On the map, Sicilia or Sicily is that island just off the toe of Italy’s ‘boot’. This part of Italy was made famous by the Sicilian Mafia which received further attention with the book and movie, The Godfather. But even apart from this, there is so much more that the island has to enjoy and explore.
In history, Sicily has been ruled by the Greeks, the Romans, the Phoenicians, the Arabs, the Normans and others. Its strategic location at the centre of the Mediterranean has made it a crossroads of history and a melting pot of several ethnic groups whose merchants were attracted to its shores.
Just back from a family vacation on the east coast of this island and a part of me has stayed behind. I was fascinated by all that it had to offer and am waiting to go back for more next summer. There are plenty of flights from all European destinations into Catania, the main city in eastern Sicily. Rent a car from the airport and lose yourself in any direction you want!
Starting with the north, we headed to the hilltop town of Taormina, which overlooks the sea and sits in the shadow of the majestic Mount Etna, the highest volcano in Europe. This is very active and gives off regular clouds of smoke and periodic bursts of lava. You can go up to a point by car and then further up by cable car or trek with a guide. I had only read about craters, lava rocks and volcanic soil in my geography books in school, but to actually experience it was surreal.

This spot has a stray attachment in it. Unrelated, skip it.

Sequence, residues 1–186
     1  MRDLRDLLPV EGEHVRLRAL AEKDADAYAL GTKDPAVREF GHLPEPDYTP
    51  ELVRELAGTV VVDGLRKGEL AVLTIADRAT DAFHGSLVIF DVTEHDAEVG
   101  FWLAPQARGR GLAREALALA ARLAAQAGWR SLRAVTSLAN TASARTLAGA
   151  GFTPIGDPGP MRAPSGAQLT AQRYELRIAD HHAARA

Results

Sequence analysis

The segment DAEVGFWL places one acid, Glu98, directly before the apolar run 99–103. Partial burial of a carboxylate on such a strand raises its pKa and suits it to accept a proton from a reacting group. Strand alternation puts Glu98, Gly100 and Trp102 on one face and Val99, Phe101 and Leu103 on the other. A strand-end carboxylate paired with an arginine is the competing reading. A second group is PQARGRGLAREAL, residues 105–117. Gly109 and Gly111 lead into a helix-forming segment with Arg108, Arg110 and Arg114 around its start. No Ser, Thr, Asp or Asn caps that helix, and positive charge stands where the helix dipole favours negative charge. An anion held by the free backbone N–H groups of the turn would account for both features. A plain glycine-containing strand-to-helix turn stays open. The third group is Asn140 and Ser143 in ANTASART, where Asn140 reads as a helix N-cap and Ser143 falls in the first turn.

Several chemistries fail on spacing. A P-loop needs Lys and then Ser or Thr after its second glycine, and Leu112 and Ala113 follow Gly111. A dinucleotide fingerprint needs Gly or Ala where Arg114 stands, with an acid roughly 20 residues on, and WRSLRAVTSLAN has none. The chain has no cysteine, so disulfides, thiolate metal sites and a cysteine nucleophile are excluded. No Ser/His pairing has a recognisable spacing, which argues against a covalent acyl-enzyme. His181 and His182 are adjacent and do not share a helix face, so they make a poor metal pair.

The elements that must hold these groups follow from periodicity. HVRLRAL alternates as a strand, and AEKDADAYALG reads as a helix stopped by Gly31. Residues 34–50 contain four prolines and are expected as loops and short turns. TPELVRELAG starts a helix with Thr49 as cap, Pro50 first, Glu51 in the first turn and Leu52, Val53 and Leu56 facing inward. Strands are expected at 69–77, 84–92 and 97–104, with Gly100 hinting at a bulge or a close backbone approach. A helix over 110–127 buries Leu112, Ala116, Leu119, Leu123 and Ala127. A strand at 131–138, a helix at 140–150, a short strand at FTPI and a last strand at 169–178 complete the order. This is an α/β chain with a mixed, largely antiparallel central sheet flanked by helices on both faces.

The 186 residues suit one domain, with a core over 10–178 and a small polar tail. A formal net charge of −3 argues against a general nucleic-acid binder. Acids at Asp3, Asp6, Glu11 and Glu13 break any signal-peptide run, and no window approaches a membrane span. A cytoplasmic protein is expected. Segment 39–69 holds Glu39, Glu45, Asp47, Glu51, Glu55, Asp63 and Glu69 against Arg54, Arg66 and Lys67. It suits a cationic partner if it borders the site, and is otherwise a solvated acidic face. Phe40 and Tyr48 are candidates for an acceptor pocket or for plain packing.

Talking of volcanic soil, this is an ash-rich soil which favours grape cultivation, resulting in some of the best wines in the world. Throughout the trip, we indulged in Sicilian wines and each one was better than the other. There are several wineries in the Etna region that open their doors to visitors to taste and buy their wines.
The views from Taormina are breathtaking. You can see mainland Italy, the region of Calabria on the other side of the Strait of Messina. We stayed in a lovely Airbnb apartment for four days with a beautiful view from the pool and balcony. For those of you not familiar with Airbnb, I highly recommend trying them if you are travelling with kids or in a large group and want to stay put in one place for more than three days.